Influenza is a global problem that affects up to 10% of adults and 30% of children worldwide. The flu is responsible for 500,000 deaths annually and even more during influenza pandemics. The elderly, the young, and individuals with chronic diseases (like asthma and COPD) are most at risk for extended illness and mortality from the flu. To combat this large global problem, a seasonal vaccine is released (free in most countries) that is designed to vaccinate against the 3 or 4 most prevalent strains for that season. There is no universal vaccine for the flu available yet because of the high mutation rate of the virus that makes it different from year to year. Getting the annual flu vaccine is our most effective tool for fighting this infection and it is often given to the sick, elderly, and young first. We assume that the vaccine is effective in all people who receive it but don’t currently have data on whether something like obesity might alter the effectiveness of the vaccine. This is what a team of researchers from North Carolina have decided to investigate.
Published in the International Journal of Obesity, the team recruited 1022 subjects from 2013-2014 and 2014-2015 undergoing vaccination against the flu and set out to determine whether BMI (measure of obesity) influenced the effectiveness of the vaccine. They characterized the number of confirmed influenza infections and suspected infections in each person and then separated them into groups dependent on their BMI. Among individuals who received the vaccine, 5.1% of healthy weight people had a confirmed or suspected influenza infection where as 9.8% of obese individuals were infected. This translated to a 2-fold increase in risk for contracting influenza even after vaccination. There was a trend towards an increased risk in individuals who were overweight but not obese but this didn’t reach significance likely due to the small number of participants. The increase in risk was present even though the participants had seemingly strong immune responses to the vaccine.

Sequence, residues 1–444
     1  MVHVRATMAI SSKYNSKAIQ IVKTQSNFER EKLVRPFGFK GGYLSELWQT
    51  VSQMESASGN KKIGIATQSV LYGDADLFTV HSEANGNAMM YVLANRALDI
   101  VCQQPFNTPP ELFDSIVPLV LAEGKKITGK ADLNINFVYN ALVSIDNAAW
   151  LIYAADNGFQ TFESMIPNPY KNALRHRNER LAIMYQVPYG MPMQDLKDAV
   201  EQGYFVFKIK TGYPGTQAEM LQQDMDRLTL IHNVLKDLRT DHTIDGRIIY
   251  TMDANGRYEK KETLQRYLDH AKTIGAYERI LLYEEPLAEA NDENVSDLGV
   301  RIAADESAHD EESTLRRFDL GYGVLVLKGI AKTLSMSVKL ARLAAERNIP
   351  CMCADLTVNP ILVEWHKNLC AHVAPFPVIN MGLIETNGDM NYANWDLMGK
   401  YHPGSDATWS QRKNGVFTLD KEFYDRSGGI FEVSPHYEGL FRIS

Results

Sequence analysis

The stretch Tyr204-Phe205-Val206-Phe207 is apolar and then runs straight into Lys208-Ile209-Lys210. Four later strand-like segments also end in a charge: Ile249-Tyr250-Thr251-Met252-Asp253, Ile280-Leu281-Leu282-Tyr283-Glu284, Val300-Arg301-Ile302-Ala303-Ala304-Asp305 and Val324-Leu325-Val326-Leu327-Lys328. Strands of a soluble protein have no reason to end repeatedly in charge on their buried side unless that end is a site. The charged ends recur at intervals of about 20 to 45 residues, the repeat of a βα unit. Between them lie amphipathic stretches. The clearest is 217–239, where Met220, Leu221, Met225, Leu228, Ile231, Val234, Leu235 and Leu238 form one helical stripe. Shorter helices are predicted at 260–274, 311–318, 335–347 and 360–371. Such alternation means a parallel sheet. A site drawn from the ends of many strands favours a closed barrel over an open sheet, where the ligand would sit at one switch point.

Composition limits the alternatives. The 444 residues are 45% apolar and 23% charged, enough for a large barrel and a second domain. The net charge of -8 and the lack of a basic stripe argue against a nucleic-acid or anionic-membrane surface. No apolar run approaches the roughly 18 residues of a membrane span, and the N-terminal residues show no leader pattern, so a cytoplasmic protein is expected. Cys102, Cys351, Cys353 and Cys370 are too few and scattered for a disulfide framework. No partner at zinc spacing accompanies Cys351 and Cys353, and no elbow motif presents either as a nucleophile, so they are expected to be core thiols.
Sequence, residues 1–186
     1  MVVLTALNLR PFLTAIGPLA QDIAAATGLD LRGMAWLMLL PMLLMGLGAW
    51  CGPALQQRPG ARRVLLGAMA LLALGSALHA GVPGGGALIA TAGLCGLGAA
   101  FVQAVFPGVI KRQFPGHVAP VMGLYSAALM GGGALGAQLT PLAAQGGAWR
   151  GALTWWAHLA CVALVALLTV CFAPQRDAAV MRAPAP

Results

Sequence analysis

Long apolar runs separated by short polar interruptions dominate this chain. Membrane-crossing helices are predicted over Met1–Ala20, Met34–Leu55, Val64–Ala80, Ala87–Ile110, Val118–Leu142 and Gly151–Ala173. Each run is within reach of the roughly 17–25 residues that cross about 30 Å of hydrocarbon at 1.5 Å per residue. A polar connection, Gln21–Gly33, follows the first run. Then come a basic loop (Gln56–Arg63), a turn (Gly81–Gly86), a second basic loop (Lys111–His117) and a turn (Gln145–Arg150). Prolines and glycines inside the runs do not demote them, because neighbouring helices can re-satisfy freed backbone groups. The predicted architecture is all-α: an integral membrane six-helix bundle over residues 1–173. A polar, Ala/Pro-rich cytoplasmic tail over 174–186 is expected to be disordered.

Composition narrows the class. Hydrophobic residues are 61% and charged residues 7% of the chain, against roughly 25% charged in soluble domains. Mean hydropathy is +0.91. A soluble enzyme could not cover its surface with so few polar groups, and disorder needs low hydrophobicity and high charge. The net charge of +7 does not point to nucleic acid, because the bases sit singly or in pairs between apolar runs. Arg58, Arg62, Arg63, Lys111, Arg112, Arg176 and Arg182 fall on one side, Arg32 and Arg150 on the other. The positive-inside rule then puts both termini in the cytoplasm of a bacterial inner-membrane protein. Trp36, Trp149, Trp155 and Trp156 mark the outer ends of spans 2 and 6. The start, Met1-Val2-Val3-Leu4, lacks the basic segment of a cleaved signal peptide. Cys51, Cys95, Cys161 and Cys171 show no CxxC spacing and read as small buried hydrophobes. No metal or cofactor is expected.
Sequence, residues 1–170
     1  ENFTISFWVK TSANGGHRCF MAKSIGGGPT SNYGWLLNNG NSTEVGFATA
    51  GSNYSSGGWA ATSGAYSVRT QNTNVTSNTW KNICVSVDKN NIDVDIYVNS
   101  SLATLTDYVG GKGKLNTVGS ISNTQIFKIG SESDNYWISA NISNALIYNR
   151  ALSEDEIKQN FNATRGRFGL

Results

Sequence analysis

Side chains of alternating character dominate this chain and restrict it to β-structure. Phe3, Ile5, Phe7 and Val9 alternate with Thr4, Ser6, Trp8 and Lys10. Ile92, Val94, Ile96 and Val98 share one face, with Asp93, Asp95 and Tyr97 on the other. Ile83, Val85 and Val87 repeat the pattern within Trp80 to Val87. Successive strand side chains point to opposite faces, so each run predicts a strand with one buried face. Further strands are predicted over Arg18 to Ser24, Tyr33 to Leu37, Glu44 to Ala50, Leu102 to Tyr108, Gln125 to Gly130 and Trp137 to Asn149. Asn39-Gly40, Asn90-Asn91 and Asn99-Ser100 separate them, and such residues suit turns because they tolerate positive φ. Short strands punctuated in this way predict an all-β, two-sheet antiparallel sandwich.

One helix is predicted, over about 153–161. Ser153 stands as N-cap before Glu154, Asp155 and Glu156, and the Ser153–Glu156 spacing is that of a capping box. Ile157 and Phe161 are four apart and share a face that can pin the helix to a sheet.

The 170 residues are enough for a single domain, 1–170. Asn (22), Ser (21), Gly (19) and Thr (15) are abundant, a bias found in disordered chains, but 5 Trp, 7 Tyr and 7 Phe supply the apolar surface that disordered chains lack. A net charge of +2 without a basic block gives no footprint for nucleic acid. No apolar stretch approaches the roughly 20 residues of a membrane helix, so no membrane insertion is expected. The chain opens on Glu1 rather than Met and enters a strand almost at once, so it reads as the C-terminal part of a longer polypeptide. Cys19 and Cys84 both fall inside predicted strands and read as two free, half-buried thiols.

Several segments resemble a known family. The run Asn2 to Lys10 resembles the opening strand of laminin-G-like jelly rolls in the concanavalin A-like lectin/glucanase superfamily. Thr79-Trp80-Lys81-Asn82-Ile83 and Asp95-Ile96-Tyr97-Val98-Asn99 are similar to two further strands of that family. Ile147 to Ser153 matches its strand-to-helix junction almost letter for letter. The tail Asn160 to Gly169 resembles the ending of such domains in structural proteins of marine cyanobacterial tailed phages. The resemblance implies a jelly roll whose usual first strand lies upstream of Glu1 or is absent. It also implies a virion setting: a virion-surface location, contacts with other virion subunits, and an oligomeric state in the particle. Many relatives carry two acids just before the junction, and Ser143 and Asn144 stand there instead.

The first question that comes up with these results is whether in obese individuals that vaccine fails to protect them because it fails to set up immunity. The researchers found this not to be the case in their samples when they looked for antibodies against the strains of influenza in the vaccine. This means that even though the obese individuals mount an appropriate response to the initial vaccine they don’t seem to be able to fight off the infection. This brings up a second question. Are obese individuals more susceptible to influenza infections with or without the vaccine simply because of low levels of inflammation in their body brought on by their obesity? Or are the immune cells from their body (namely the T cells) not functioning properly and therefore weakening the ability of the body to fight the flu despite the vaccine? This seems most plausible as there is evidence showing the obesity is related to a reduction in the effectiveness of T-cells in fighting off infections.
More work needs to be done but the rising epidemic of obesity worldwide may make influenza pandemics worse in the coming years. Understanding why obese people are less protected by the vaccine will allow us to develop better vaccines or treatment options to help them fight the flu.
Image Credit: Flickr William Brawley